Papaya is native to the tropics of the Americas in the regions of southern Mexico and Central America. The papaya is a tree-like plant that can grow over 30 feet tall. The fruit is a type of berry and when ripe it feels soft and the skin turns an amber to orange hue.
Papaya plants grow in three sexes: male, female, and hermaphrodite. The male produces only pollen, never fruit. The female will produce small, inedible fruits unless pollinated. The hermaphrodite can self-pollinate because its flowers contain both male stamens and female ovaries. As a result almost all commercial papaya orchards contain only hermaphrodite papaya plants.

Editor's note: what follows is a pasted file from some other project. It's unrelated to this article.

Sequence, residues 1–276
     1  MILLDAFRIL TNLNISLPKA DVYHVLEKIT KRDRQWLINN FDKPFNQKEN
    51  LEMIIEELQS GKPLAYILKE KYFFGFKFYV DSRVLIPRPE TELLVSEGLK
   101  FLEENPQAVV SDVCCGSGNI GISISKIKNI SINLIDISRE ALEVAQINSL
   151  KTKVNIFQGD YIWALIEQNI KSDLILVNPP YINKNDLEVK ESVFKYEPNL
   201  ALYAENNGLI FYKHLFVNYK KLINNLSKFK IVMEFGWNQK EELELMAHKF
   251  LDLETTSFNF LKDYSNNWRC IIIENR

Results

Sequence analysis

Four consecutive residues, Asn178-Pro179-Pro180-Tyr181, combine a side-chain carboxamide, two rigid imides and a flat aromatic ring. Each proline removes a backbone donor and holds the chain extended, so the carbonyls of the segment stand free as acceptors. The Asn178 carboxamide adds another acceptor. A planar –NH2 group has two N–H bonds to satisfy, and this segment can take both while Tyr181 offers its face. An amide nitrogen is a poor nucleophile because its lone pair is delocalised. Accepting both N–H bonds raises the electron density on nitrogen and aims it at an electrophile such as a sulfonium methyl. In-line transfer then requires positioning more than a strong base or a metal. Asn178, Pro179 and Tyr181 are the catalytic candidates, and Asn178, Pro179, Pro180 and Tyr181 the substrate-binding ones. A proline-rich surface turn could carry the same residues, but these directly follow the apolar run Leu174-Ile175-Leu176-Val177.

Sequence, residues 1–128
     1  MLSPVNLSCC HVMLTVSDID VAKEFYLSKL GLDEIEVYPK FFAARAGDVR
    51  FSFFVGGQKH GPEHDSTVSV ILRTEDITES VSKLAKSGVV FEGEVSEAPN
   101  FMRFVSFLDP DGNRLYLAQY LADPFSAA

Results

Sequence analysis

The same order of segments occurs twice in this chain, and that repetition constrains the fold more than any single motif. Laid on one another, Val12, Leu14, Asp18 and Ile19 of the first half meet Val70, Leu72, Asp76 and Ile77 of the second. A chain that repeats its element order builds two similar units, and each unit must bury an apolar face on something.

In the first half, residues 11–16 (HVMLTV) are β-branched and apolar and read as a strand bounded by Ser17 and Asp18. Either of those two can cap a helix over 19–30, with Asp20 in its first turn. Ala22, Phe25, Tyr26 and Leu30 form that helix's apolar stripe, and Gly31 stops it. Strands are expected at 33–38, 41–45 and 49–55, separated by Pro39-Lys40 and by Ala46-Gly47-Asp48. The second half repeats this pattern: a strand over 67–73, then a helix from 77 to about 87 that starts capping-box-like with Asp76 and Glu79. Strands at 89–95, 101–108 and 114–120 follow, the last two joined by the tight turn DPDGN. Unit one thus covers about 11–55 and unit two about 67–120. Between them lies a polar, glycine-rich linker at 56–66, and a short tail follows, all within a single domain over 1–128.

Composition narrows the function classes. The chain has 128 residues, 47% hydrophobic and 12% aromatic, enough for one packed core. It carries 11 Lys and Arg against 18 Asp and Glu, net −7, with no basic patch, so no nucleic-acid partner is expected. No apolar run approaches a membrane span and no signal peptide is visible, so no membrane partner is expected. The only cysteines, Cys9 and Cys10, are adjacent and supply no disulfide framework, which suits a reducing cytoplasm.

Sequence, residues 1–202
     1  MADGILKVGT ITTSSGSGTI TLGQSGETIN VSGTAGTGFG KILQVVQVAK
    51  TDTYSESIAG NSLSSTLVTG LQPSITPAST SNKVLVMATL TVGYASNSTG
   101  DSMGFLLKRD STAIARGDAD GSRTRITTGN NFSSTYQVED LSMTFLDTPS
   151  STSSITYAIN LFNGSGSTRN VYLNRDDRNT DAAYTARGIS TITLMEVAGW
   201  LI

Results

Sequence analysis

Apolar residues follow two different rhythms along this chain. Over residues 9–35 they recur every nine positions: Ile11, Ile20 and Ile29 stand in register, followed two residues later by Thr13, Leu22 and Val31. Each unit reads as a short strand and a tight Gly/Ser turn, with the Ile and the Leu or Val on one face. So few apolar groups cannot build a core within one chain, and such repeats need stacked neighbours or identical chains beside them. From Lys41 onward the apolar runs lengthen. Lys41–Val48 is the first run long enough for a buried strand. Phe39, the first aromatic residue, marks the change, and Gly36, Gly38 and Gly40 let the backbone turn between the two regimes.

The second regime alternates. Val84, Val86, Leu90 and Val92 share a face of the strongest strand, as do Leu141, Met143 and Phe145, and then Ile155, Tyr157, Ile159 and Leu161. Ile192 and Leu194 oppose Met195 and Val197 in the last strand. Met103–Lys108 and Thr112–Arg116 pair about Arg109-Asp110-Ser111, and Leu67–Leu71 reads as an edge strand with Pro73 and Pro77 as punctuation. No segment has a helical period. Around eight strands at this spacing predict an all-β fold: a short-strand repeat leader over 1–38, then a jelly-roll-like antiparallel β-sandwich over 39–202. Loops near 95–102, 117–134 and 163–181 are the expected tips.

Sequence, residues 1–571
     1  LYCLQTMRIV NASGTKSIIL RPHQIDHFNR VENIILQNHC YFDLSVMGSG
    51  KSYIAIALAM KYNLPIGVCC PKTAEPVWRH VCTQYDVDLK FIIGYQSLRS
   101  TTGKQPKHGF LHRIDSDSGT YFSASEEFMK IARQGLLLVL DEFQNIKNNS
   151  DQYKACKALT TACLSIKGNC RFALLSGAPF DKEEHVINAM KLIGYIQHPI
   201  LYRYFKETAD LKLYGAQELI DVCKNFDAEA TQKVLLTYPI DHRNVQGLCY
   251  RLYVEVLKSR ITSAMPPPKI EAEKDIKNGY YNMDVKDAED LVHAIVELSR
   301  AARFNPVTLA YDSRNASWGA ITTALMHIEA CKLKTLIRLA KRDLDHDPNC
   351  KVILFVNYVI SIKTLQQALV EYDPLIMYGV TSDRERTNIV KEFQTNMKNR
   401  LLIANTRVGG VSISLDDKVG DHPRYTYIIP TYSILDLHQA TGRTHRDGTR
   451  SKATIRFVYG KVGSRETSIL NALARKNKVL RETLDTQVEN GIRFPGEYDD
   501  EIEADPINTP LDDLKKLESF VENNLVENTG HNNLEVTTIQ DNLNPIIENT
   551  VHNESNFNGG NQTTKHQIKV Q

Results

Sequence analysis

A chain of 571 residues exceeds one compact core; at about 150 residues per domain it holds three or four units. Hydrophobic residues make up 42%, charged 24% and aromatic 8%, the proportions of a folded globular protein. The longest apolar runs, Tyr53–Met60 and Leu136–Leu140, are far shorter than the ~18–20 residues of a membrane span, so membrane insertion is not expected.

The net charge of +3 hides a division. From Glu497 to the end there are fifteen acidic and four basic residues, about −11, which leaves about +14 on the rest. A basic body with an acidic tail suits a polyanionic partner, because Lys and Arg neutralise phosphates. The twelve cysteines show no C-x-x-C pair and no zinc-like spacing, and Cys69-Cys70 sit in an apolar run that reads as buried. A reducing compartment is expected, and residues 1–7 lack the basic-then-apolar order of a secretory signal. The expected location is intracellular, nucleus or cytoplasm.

In 1998, in response to the papaya ringspot virus (PRV) outbreak in Hawaii, genetically altered papaya were approved and brought to market (including ‘SunUp’ and ‘Rainbow’ varieties.) Varieties resistant to PRV have some DNA of this virus incorporated into the DNA of the plant.
Papayas are often eaten raw. The fruit is cut in half and the seeds removed. The flesh can be scooped out or cut into wedges.
Farms that grow papaya:
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